Properties of Wormwood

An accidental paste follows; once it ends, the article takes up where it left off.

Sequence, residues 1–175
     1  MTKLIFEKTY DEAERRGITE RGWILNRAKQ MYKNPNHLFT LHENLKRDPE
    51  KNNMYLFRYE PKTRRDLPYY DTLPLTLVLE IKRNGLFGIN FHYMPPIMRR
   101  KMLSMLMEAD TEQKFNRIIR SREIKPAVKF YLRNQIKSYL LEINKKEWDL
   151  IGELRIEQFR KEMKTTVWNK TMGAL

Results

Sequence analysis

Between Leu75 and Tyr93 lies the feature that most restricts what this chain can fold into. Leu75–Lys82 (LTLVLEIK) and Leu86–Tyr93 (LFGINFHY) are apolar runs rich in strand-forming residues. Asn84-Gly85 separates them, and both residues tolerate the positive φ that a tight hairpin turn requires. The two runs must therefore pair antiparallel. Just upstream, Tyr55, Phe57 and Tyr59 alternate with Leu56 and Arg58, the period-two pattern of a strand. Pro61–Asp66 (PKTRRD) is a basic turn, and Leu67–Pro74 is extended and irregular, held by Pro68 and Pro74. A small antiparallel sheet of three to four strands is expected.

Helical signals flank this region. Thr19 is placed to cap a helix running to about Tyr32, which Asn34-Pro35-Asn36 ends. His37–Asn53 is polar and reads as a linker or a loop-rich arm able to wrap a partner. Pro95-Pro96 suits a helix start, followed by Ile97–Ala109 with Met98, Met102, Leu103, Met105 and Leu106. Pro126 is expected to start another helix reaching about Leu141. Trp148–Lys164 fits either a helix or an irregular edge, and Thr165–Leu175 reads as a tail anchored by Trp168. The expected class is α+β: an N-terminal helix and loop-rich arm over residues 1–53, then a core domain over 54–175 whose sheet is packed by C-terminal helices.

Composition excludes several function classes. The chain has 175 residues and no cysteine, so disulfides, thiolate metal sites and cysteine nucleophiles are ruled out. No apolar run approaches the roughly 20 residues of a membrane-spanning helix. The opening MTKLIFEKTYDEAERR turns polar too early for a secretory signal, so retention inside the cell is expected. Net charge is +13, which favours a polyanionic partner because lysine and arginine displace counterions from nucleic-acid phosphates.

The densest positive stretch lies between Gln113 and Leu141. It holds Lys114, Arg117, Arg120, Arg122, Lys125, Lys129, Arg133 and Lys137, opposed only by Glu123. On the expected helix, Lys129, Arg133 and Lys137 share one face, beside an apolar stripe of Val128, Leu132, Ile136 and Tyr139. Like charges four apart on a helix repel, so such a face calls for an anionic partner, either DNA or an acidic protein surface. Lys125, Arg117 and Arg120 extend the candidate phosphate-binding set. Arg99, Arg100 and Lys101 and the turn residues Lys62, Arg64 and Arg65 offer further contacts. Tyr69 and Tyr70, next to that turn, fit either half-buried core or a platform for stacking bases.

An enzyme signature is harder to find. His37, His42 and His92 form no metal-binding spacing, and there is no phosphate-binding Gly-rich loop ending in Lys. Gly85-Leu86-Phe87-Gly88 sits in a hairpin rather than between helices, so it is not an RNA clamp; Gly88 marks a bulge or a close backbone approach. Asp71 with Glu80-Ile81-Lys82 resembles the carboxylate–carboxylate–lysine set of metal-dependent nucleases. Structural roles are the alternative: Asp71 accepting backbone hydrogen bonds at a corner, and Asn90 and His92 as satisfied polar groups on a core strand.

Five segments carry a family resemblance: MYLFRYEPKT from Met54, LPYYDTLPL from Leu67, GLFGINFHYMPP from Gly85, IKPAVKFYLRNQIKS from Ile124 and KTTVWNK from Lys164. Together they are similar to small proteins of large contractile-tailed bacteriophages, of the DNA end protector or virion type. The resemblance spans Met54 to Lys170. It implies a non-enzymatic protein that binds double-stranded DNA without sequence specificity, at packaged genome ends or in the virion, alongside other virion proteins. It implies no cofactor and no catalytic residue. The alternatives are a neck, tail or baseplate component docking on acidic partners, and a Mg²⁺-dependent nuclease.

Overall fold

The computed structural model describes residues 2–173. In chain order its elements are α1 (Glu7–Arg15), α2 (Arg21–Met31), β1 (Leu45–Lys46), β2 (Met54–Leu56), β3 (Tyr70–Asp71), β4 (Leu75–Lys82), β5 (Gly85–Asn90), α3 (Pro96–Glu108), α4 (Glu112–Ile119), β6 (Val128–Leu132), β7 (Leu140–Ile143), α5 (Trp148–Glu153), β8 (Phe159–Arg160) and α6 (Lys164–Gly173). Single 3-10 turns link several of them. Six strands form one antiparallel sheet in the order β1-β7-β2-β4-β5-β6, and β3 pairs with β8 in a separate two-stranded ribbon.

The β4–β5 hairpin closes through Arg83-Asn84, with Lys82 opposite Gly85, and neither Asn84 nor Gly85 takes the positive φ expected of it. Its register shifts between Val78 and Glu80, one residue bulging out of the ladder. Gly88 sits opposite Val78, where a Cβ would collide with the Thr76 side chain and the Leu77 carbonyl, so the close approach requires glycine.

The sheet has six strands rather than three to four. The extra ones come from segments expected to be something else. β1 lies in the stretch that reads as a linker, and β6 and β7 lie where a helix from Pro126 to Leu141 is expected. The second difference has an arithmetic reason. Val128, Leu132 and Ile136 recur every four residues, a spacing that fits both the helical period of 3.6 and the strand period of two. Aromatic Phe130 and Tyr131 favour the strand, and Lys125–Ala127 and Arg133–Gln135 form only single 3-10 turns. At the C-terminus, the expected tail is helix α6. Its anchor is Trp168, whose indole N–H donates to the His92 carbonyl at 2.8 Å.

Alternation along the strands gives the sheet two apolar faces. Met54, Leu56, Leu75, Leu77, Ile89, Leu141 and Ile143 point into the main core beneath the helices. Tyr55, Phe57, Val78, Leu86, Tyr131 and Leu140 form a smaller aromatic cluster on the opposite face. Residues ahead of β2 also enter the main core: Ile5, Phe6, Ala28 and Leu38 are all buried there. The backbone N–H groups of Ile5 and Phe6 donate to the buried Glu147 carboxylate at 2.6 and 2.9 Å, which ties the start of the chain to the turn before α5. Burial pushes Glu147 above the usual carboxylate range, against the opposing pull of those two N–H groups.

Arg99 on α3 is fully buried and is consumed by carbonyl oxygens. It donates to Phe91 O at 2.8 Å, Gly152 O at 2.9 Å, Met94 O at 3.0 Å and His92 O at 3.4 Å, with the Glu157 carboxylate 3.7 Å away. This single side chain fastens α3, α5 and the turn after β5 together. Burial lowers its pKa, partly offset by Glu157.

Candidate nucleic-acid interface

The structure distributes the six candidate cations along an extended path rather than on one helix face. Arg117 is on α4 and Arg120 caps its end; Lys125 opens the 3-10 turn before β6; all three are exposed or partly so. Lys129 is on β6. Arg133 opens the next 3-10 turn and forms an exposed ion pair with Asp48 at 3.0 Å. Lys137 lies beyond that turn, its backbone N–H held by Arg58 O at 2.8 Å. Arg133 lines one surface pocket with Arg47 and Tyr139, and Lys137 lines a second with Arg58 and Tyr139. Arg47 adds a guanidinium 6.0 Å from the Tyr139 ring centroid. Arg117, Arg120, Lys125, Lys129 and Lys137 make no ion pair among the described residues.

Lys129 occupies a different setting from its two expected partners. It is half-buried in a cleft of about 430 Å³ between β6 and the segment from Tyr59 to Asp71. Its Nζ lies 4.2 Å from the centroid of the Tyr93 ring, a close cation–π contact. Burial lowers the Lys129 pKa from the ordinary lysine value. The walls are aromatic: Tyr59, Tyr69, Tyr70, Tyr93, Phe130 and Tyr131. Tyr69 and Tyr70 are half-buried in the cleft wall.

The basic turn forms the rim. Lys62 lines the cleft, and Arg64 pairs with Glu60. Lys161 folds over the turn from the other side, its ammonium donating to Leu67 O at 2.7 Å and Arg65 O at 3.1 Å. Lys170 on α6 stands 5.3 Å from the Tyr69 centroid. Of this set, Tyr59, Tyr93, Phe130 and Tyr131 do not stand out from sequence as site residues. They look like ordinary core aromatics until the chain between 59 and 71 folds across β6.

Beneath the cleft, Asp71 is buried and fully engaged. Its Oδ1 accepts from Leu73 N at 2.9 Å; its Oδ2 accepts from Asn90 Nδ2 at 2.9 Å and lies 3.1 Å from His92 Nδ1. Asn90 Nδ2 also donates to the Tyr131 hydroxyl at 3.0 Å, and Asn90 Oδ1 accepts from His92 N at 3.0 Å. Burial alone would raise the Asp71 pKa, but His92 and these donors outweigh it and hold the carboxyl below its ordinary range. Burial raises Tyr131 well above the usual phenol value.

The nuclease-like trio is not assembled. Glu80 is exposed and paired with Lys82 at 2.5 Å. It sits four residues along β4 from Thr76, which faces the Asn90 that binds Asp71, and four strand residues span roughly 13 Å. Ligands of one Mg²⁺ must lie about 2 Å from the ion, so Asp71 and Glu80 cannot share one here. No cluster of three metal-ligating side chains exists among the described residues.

Turner discusses the properties of wormwood, noting that the herb is astringent and, in reference to imbalanced choleric humors, is able to “heat and scour away, strengthening and drying” the stomach. He again quotes Galen, who attests to wormwood’s healing qualities in relation to “wind and pain of the stomach” when made into a broth and drunk daily. Turner lists other recipes and remedies in which wormwood is the chief ingredient; these potions also often include honey, vinegar, water, and salt; ingredients easily accessible and not terribly expensive. Referencing Pliny and then Mesue the Elder, Turner again mentions the virtues of wormwood on digestive issues, but he also adds wormwood’s practical qualities outside of medicine: its use as a mouse and insect repellent. His repeated use of Greek, Latin, and Arabic medical knowledge attests to the wide exchange of scholarship by the sixteenth-century, but also to a stagnation in European medicine and botany up to this period, especially in vernacular traditions. Turner’s approach, to synthesize the foundational ancient corpus with information relevant to the Englishman, signals the emergence of vernacular botany. The second part of this herbal, published in 1562, deals exclusively with flora and fauna native to England.